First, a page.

How Do Appraisers Determine Depreciation?

The other day we were asked a question about what the percentage of depreciation would be for a foundation on a home.  Unfortunately, there is not a simple answer to that question and I couldn't just give a quick percentage number for determining depreciation for the foundation. 

When appraisers are performing an appraisal, they will observe the property being appraised. Appraisers become very skilled at observing and noting items and their condition.  My husband and I are both real estate appraisers.  Recently, we were at a restaurant he noted some interesting items that were obscurely posted on the back wall that we found entertaining.   I told him he had to be the most observant man I know and his response was, "Well, I am an appraiser".  True! He is by far the expert when it comes to observation and the field work part of the appraisal process.  That said, appraisers will observe different types of depreciation when at the property being appraised.  Did you know there are different types of depreciation?

Types of Depreciation

There are 3 different types of depreciation that an appraiser will look for:  

  • Physical depreciation- this is where the foundation in question would be categorized. Physical depreciation can be the result of normal wear and tear on a home as it ages or it can be from defects at the time of construction. If a home is damaged by natural disasters such as flooding, hail damage, fire, high winds, etc., the physical depreciation would be greater than normal wear and tear that comes from age. Physical depreciation is the most common and understood form of depreciation. 
  • Functional obsolescence- this form of depreciation has to do with the functionality of a property. A loss in value is present when certain items become outdated and not accepted in a market.   An example of functional obsolescence would be when a home was originally built with one bathroom.  Most homes in the market area have been updated and improved to include a second bathroom.  Two bathrooms then become what is expected in the market.  The market now demands at least two bathrooms in a home.  A home with only one bathroom would suffer from functional obsolescence in certain markets where two bathrooms are expected.
  • External obsolescence-  this form of depreciation comes from economic or external factors that adversely impact the value of a home. An example of an economic factor would be when a large factory that employed 40% of the residents of a small town closes and job opportunities become scarce.  Another example would be when city zoning changes restricting the uses of a property resulting in having an adverse impact on the value of a property. Perhaps the city decides to put a large landfill next to a residence. This would have a negative impact depreciating the value of the home.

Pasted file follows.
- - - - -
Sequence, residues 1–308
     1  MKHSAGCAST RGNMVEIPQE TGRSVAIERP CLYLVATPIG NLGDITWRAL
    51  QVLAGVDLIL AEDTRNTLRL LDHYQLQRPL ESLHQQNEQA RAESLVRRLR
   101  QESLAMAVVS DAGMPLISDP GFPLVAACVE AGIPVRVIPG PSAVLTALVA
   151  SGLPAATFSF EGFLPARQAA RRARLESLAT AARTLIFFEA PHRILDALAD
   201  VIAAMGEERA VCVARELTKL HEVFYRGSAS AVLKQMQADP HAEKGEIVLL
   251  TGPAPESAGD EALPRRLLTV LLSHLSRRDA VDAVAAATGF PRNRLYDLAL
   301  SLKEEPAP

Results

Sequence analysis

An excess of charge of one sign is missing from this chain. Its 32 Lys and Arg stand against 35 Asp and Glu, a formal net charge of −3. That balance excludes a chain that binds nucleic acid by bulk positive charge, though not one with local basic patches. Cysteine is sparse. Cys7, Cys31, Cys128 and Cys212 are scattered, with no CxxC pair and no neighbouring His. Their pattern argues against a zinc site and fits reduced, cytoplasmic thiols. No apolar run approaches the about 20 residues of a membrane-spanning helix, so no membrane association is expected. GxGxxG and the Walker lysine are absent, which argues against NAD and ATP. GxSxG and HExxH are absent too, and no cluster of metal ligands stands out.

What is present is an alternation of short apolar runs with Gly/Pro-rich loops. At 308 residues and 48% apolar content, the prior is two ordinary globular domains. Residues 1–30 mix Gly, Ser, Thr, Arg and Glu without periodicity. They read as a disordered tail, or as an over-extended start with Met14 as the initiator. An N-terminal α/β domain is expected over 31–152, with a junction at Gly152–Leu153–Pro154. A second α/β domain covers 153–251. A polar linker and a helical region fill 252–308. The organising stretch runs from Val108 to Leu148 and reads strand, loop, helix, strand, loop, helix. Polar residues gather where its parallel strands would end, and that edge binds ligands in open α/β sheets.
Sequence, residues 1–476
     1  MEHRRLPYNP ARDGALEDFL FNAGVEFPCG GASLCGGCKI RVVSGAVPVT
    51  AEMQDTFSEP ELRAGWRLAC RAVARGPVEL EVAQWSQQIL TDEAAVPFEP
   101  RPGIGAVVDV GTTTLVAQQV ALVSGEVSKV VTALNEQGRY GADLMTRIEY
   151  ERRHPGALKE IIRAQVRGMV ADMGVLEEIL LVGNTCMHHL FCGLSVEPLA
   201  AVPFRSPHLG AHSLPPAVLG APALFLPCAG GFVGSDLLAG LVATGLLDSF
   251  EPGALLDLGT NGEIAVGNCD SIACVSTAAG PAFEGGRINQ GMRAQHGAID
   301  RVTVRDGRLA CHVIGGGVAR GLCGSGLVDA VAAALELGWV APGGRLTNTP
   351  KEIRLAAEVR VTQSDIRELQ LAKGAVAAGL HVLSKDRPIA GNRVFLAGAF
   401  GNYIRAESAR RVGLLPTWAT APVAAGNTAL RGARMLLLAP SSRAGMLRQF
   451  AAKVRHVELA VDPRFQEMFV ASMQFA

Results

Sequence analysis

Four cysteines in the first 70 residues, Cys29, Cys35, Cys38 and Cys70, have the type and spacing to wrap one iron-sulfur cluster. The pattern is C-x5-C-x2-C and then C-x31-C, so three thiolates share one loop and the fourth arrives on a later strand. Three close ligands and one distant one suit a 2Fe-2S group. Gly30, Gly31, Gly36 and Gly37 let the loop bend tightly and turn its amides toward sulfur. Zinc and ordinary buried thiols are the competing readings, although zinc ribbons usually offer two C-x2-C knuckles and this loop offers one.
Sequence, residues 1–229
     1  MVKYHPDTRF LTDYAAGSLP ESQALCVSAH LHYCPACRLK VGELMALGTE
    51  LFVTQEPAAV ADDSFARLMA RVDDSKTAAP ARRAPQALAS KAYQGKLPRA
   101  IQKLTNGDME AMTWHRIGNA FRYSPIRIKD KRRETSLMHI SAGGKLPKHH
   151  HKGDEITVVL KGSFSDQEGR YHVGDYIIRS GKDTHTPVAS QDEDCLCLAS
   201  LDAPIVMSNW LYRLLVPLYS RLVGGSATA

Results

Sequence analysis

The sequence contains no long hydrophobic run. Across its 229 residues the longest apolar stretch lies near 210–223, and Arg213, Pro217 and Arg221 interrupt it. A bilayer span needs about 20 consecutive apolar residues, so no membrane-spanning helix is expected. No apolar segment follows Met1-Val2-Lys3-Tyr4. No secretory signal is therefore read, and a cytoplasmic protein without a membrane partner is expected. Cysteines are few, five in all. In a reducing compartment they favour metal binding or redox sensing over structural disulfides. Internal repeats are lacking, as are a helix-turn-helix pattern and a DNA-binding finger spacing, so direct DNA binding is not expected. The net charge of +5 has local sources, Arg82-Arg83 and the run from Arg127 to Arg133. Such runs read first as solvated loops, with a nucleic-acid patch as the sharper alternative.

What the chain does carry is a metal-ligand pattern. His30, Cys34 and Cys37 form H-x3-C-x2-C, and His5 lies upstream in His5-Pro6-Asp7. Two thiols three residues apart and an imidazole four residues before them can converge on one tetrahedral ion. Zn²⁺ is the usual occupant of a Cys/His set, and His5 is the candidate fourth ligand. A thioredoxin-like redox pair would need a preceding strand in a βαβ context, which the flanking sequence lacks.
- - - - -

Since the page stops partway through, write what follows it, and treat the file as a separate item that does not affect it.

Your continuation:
Once an appraiser determines that some depreciation exists, then how do appraisers determine the amount or percentage of depreciation? 

Ways to Determine Depreciation: 

  •  Age- life method- this is the most common method for calculating depreciation.  The effective age of the home (which can be more or less than the actual age depending on the amount of wear and tear and upkeep) is divided by the total economic life to determine the percentage of depreciation.  Example- A home is 25 years old but has an effective age of 20.  The remaining economic life of the home is 70.  The percentage of depreciation is: 20 / 70 = 0.29 or 29% depreciation.  
  •  Market- extraction method - The market- extraction method can be a good way to determine depreciation if you have a large number of similar sales to be used for comparison.  I will not go into the details of how appraisers calculate this, (after all appraisers take hours of classes to learn how to do these types of calculations), but I will say that depreciation is determined by taking out the land value of similar comparable sales to determine the depreciated value of a home.  This is then subtracted from the reproduction cost of the improvements to determine the amount of depreciation.  This is then converted to a percentage and then the same process is performed for several other properties.  A consistent pattern for a depreciation rate should begin to appear which would be then be applied to the property being appraised.  
  • Break down method. This method involved "breaking down" all items of depreciation individually and then adding the individual estimates together and deducting the sum from the estimated reproduction or replacement cost. This can be cumbersome for some properties and can get complicated as the items have to be determined if they are curable or incurable. Again, I will not just turn this post into a real estate appraisal class but suffice it to say this method is less common due to the time to break down each item but if time is afforded it can be a meaningful form of determining depreciation. 

I hope that this gives you some idea of the ways that appraisers will determine depreciation and the amount of depreciation.   Can you see why I couldn't just give a quick "rule of thumb" answer to the amount of depreciation for a foundation? 

What other appraisal questions do you have?  What have I left out here?  Please feel free to comment on this blog or contact us for questions and for any real estate appraisal services. 


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